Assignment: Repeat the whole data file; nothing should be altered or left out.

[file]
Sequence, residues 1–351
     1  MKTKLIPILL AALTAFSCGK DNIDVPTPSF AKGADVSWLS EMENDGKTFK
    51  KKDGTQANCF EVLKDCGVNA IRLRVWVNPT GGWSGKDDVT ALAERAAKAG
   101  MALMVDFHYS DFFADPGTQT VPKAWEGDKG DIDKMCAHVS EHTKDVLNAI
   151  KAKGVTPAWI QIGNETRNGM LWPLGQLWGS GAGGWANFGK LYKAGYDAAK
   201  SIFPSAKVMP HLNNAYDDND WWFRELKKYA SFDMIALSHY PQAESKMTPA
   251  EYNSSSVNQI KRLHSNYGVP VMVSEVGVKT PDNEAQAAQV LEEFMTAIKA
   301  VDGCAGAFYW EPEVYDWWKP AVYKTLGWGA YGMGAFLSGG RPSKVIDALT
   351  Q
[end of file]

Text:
Sequence, residues 1–351
     1  MKTKLIPILL AALTAFSCGK DNIDVPTPSF AKGADVSWLS EMENDGKTFK
    51  KKDGTQANCF EVLKDCGVNA IRLRVWVNPT GGWSGKDDVT ALAERAAKAG
   101  MALMVDFHYS DFFADPGTQT VPKAWEGDKG DIDKMCAHVS EHTKDVLNAI
   151  KAKGVTPAWI QIGNETRNGM LWPLGQLWGS GAGGWANFGK LYKAGYDAAK
   201  SIFPSAKVMP HLNNAYDDND WWFRELKKYA SFDMIALSHY PQAESKMTPA
   251  EYNSSSVNQI KRLHSNYGVP VMVSEVGVKT PDNEAQAAQV LEEFMTAIKA
   301  VDGCAGAFYW EPEVYDWWKP AVYKTLGWGA YGMGAFLSGG RPSKVIDALT
   351  Q